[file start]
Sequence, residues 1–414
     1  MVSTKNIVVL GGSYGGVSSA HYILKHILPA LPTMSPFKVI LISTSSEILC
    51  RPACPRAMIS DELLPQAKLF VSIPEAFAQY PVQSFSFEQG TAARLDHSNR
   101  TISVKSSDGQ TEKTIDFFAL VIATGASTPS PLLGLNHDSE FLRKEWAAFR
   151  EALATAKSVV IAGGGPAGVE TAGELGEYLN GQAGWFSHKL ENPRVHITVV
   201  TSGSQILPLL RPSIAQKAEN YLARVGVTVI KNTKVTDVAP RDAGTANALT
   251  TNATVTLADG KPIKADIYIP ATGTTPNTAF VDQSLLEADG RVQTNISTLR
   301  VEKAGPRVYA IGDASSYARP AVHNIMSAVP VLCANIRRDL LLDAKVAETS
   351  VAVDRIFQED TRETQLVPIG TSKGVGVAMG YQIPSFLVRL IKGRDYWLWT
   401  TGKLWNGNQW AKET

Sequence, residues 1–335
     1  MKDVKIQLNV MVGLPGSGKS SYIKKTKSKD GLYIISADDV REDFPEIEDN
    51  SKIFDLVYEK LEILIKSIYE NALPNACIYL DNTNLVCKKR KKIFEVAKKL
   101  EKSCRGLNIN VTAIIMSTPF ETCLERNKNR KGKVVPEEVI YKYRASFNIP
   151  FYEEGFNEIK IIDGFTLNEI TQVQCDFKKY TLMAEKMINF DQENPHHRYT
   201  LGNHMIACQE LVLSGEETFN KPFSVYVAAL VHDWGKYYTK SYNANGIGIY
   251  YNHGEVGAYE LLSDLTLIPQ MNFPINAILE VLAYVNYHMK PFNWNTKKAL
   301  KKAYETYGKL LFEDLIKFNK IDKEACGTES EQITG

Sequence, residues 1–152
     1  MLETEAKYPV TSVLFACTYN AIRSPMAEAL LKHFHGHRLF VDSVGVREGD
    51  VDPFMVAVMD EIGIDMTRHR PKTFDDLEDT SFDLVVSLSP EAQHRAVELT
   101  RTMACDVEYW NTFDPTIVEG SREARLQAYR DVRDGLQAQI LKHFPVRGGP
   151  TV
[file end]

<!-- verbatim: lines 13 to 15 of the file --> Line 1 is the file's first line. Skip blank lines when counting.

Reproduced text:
    51  SKIFDLVYEK LEILIKSIYE NALPNACIYL DNTNLVCKKR KKIFEVAKKL
   101  EKSCRGLNIN VTAIIMSTPF ETCLERNKNR KGKVVPEEVI YKYRASFNIP
   151  FYEEGFNEIK IIDGFTLNEI TQVQCDFKKY TLMAEKMINF DQENPHHRYT